Sector Focus: Good governance in grantmaking for charities

01 Sep 2020 In-depth

There are likely to be additional demands on grantmaking bodies in the current climate, not least an increase in applications for funding from both individuals and organisations.

Speaking to a number of clients throughout this recent period, we felt it might be useful to set out some thoughts and tips to help organisations where grantmaking is the main means of delivering their public benefit.

Due diligence on funding applications

Are those that are seeking funding or making applications known to you? What due diligence should you do to ensure that the applications are from genuine sources? Fraudsters are finding lots of new and innovative ways to access funds, and grantmaking bodies who assist in times of hardship may be a prime target. Do you/should you seek validating information to process applications? Whilst this may seem intrusive, it is essential to ensure that your funds are used to support genuine beneficiaries.

In addition to funding individuals, many applications will be seeking financial support for charities that are in need. Whilst it is indeed a very difficult time, what due diligence have you carried out on organisations that have applied for funding? A key question to ask is: are you funding an operation that has a genuine possibility of survival? What evidence have you seen of a restructure plan or strategy that means your funds will assist in the preservation of a charity seeking support, and what monitoring procedures will you put in place to ensure that your funds are put to good use? Where concerns are identified, it may be prudent to vary your normal terms and conditions.

Public benefit monitoring

Many grants, particularly research grants, are often commitments to support a research facility over a period of time, or for a project that is anticipated to span a number of years. The structure of these arrangements can either be all funding up front, or drawdown facilities over a period of time. In either case, you should ensure that you continue to monitor and seek confirmation of progress against funding objectives.

Effects of COVID-19

A key financial measure adopted by the government has been the furlough scheme. When you are assessing the claims for the last quarter, you may want to seek confirmation of how your funds were utilised if the organisations you fund furloughed key staff that were delivering your grant. For example, if they furloughed staff, then whilst they will continue to pay staff under furlough, this will have been reclaimed by the organisation and should not (arguably) be part of their claim against the grant unless you have agreed that any top up can be absorbed by the grant.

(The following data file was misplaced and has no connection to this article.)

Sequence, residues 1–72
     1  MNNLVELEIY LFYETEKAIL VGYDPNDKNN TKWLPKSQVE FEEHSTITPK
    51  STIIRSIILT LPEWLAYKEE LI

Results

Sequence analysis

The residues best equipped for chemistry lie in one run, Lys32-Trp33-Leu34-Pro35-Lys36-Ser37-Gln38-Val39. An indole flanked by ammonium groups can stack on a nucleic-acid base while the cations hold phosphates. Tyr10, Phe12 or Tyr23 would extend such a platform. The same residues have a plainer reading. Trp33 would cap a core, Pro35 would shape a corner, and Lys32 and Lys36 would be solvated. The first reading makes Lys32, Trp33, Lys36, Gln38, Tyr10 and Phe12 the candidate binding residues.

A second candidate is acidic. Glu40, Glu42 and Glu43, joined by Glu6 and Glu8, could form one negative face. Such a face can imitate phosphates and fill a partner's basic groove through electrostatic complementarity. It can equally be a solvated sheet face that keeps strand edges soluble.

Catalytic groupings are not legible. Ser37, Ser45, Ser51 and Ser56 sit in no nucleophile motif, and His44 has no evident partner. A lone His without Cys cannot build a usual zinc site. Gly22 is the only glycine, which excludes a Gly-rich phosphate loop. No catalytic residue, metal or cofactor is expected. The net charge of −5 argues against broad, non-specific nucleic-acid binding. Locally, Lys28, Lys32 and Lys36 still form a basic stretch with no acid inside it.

Where grants had specific terms and conditions for delivery which were time related, do you now need to renegotiate these terms? What are the clauses within the grant funding agreements that need to be followed to extend the period of support?

Future cash flow

Organisations that have been impacted by recent events are likely to have had to reprofile their work, and this may have impacted on their cash flow requirements to deliver projects. If the grants are drawn down over a period of time, how will these changes impact on the requirement for cash from you as a grantmaker? Do you now need to reprofile your own commitments and cash flow needs to match those that you fund? If so, does this require a change in your short or medium-term investment strategy, or the availability of cash within the charity to fund the drawdowns?


Where you have traditionally funded grants from fundraising, what is the impact on your reserves, particularly where you need to meet existing commitments? Is there a need to designate funds to match current commitments, if you don’t do so already, to make it clear to a reader of your accounts the level of general reserves remaining? Is there a need to revisit the reserves policy generally, and align this with a new strategy, at least in the short term? Or if fundraising has been negatively impacted by the Covid-19 pandemic, is there a need to reconsider and communicate the funding you are making available in coming rounds of grantmaking based on what you have available?


We are seeing many grantmakers endeavour to take a flexible approach to their recipients, and this has provided welcome relief to many given the current uncertain landscape. As set out above, this includes requests to vary the timing of grant payments based on the expected delivery of activities. You may also receive requests to vary the activities you fund. If so, are the new activities within your charitable objects? Where the proposed activities are of a complex or technical nature, do you have the necessary skills and expertise to review the grant reporting?

Richard Weaver is partner and head of charities and not-for-profit at haysmacintyre 

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